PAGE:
Are you in the market for a new house? Maybe you’re looking to upgrade into a larger space for your growing family. Or perhaps the kids are out of the house and you’re ready for something smaller, more manageable.
Maybe you’re just desperate for a change of scenery. Or maybe your motivations are known to you alone.
Whatever’s moving you to consider buying a new home, you have your work cut out for you. Houses don’t buy themselves, after all. That’s your job, with the help (one hopes) of a capable, trustworthy real estate agent.
Your agent won’t do all the work for you, unfortunately. It’s on you to set your own expectations and make sure you’re not biting off more than you can chew — or settle for a home that’s not up to your exacting standards. Start by keeping these five things in mind as you search.
- You’ll Pay Less for a “Project,” But It Won’t Be Easy
The HGTV series, “Fixer Upper,” makes buying homes that need work seem like fun.
It’s not — at least, not always, and not for all buyers. Before you buy a property that you know will need lots of work, ask yourself: Do I really want to take on all this responsibility?
- Tax Value Is Not the Same As Market Value
Using ParcelLookup or a similar website, you can find the tax and market value of just about any property in the United States. However, you need to understand the difference between the two. Tax value is usually much lower than market value, especially when the local real estate market is hot. And market value is closer to what you’ll actually pay.
- Your Agent Might Try to Talk You Into More Home Than You Can Afford
Because they work on commission, real estate agents (some, anyway) do their best to entice buyers with glamorous properties they really can’t afford. Stick to your guns on price, always.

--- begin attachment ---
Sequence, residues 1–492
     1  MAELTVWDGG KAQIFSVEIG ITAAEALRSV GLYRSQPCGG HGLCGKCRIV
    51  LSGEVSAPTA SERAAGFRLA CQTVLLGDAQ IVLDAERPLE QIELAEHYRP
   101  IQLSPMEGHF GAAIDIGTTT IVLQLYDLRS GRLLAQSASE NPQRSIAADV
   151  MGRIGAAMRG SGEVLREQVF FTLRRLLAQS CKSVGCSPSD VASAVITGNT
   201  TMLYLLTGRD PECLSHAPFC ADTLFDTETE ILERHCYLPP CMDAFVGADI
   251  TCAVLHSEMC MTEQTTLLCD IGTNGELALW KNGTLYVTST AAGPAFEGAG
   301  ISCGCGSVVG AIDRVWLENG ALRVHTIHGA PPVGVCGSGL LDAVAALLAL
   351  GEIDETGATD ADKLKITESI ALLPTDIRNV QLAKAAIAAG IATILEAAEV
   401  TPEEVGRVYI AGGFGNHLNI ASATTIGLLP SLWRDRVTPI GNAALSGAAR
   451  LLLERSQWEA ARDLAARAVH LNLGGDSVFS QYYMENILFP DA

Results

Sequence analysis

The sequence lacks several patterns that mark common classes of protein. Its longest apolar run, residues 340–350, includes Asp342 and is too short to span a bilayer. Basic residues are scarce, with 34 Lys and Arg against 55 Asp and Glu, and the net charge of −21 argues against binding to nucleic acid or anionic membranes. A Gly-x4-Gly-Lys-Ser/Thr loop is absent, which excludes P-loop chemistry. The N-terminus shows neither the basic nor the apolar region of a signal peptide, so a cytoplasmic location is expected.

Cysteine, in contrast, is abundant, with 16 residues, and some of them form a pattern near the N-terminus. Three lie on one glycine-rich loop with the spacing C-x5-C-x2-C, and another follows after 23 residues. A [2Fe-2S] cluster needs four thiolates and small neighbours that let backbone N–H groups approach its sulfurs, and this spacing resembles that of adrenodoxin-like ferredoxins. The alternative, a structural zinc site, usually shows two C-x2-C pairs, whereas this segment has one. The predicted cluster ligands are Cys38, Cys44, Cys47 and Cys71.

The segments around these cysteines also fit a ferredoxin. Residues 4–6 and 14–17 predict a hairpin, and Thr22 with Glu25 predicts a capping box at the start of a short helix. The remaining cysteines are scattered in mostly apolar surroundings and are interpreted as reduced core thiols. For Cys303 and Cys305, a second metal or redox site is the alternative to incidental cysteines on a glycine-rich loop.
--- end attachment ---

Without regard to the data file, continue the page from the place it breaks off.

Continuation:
- Location Really Does Matte
You appreciate living in a hip neighborhood now, but if it’s in a terrible school district, you might come to regret your decision. Use a resource like SchoolDigger to research school districts in your area. Do this even if you don’t plan to have kids; homes in good districts tend to hold value better.
- Not All Problems Are Evident at a Glance
Unless you’re a structural engineer, you won’t spot that foundation issue until it’s too late. Same goes for plumbing, electrical, and mechanical issues, all of which could cost you a fortune. And your home inspection isn’t guaranteed to spot problems either. As they say: buyer beware!
Get Ready to Move on Your Dream Home
These five pointers alone won’t guarantee you your dream home. But they’ll certainly help you as you search for the perfect place for you and yours. To recap:
- Don’t go for a “project” house unless that’s what you really want
- Understand the difference between tax and market value
- Stick to your guns on price
- Know all the benefits and downsides of your home’s location
- Expect the unexpected
Got it? Good. You’re ready to make your move. Here’s hoping it’s the right one.